The final meeting during the period covered by this report was Ambassador Maresca's meeting with Under Secretary Ulucevik in Ankara on September 2. Ambassador Ulucevik spoke highly of the work of Mr. Clark and looked forward to presenting Turkish views to Mr. Clark in late September. Ambassador Maresca stressed the need to make positive progress on the CBMs package and supported Mr. Clark's efforts to develop understanding and sympathy for the package in the Turkish-Cypriot community.

Finally on September 14, the Secretary General issued his "Report on his Mission of Good Offices in Cyprus." The Secretary General noted that the President of Cyprus, Mr. Clerides, had reaffirmed his community's willingness to move forward with the provisions in the CBMs package proposed for Varosha and for Nicosia International Airport. The Secretary General also noted that the Turkish Cypriot leader, Mr. Denktash, continued his criticism of the package. The report stated that inaccurate and incomplete information had been presented on the impact of the Varosha/Airport provisions, thus causing confusion for the Turkish Cypriots. In addition, it said that the Turkish Cypriots looked to Turkey for guidance, but the Turkish government had not yet sufficiently conveyed its support for the package to the Turkish Cypriots. In the report, the Secretary General also proposed to send a team of senior experts to Cyprus in early October to address questions, which have been raised concerning the effects of the CBMs package.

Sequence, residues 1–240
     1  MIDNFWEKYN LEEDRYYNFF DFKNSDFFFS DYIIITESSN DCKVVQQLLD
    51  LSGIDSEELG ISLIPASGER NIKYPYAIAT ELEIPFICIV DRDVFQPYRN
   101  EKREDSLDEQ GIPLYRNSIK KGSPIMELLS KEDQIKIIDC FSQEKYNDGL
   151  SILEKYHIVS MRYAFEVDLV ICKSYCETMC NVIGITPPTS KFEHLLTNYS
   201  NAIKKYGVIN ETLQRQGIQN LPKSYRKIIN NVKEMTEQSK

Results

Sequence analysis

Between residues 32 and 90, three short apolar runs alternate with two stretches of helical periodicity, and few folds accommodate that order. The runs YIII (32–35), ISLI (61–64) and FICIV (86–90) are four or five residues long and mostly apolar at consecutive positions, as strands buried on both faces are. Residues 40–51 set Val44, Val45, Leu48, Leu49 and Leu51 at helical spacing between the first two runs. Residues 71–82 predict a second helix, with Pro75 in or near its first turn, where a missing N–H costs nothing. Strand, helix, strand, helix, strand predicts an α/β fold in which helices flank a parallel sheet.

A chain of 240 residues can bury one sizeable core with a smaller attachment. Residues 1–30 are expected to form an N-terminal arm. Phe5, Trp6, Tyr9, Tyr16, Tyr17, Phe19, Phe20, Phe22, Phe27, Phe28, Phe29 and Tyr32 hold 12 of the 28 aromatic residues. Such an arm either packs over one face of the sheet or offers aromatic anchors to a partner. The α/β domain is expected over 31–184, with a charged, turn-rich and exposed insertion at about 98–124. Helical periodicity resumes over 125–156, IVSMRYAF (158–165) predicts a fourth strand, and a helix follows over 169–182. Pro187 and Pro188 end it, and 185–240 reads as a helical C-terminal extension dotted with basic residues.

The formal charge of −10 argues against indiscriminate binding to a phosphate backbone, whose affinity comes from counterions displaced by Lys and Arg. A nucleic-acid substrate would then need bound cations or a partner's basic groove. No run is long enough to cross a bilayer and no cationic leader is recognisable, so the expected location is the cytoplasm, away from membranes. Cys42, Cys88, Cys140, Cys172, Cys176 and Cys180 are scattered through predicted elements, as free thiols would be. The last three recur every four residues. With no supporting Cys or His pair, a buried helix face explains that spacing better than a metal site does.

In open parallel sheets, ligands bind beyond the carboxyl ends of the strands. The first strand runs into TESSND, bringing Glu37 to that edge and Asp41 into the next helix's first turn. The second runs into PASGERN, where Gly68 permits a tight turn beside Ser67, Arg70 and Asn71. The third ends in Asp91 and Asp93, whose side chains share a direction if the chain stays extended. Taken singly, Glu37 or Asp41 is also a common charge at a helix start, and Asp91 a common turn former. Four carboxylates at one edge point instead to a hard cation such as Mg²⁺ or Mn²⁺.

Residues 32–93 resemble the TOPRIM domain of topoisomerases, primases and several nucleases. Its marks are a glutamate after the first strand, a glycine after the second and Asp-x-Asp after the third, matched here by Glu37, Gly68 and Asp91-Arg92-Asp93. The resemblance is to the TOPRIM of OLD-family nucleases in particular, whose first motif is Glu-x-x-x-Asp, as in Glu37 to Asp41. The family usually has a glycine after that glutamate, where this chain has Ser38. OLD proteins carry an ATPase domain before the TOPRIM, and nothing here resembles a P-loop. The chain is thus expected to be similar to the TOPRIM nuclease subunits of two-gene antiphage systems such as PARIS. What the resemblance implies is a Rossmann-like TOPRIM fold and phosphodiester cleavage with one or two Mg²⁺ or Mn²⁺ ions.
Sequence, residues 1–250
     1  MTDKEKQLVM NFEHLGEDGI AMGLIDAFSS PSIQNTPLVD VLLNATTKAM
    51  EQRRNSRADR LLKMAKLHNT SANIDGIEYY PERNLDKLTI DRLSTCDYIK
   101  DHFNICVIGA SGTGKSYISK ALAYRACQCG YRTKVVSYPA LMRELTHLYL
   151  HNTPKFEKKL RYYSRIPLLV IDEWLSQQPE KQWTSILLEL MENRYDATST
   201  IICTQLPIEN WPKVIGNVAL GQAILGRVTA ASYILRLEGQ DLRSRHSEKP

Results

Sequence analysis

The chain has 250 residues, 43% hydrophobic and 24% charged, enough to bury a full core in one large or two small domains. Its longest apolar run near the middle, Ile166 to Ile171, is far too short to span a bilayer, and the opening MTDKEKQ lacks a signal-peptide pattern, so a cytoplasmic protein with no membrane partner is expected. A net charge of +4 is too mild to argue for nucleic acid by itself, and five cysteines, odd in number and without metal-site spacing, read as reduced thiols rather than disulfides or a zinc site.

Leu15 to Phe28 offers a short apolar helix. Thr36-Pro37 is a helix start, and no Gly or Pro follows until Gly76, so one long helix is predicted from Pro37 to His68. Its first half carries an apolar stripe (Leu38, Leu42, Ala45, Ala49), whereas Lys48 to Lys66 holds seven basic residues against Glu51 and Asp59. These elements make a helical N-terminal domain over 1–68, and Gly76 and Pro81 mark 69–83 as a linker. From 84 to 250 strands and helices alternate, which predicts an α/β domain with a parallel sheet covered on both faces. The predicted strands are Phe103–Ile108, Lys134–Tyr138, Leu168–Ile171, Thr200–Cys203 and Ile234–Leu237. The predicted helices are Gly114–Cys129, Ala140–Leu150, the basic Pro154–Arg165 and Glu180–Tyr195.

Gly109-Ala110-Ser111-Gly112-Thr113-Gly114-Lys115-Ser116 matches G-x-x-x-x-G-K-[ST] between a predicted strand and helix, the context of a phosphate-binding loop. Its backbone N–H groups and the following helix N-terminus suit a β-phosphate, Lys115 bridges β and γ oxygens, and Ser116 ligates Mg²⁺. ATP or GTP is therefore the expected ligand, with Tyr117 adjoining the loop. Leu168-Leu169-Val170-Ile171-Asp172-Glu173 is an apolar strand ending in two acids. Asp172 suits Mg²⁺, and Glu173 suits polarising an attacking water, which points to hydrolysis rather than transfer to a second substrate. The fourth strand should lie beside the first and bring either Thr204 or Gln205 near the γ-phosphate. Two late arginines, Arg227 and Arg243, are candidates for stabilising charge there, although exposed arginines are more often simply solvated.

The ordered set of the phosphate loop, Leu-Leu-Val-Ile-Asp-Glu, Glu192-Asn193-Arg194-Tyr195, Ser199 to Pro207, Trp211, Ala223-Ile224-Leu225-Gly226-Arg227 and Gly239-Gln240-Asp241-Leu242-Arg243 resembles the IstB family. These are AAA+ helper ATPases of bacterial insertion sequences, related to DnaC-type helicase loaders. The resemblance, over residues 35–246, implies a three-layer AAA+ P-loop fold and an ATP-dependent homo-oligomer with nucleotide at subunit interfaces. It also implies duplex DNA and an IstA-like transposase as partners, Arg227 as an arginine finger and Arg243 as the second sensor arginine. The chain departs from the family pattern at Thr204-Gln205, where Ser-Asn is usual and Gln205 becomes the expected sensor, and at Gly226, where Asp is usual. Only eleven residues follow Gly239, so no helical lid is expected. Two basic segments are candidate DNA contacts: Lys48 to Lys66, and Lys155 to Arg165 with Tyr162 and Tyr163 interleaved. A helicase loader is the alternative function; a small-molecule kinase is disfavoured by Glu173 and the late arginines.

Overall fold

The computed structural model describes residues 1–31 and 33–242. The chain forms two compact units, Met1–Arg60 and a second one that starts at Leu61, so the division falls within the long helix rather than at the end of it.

The Secretary General's report ended on a cautionary note. He stated that it is not possible to continue the current effort indefinitely. He stressed that it is essential that he receive the full cooperation and support of the Turkish Cypriots. If the current efforts do not succeed soon, he continued, he would have to invite the members of the Security Council to consider alternate ways to promote the effective implementation of the United Nations many resolutions on Cyprus.

Despite the lack of progress during the period this report covers, we are still working for the approval of the CBMs. As I stated in my August 12 letter to Prime Minister Ciller, the United States seeks Turkey's support in helping to achieve a settlement. The Turkish-Cypriot community must recognize that if it rejects this proposal, which is viewed by the rest of the world as fair and constructive, it risks even greater isolation than it presently faces. I hope that this can be avoided. In the meantime, I will continue to lend full support to the U.N. efforts.

I will continue to use all my energies in assisting in finding a solution to the Cyprus problem and look forward to your support in this effort.



NOTE: Identical letters were sent to Thomas S. Foley, Speaker of the House of Representatives, and Claiborne Pell, Chairman of the Senate Committee on Foreign Relations.

William J. Clinton, Letter to Congressional Leaders Reporting on the Cyprus Conflict Online by Gerhard Peters and John T. Woolley, The American Presidency Project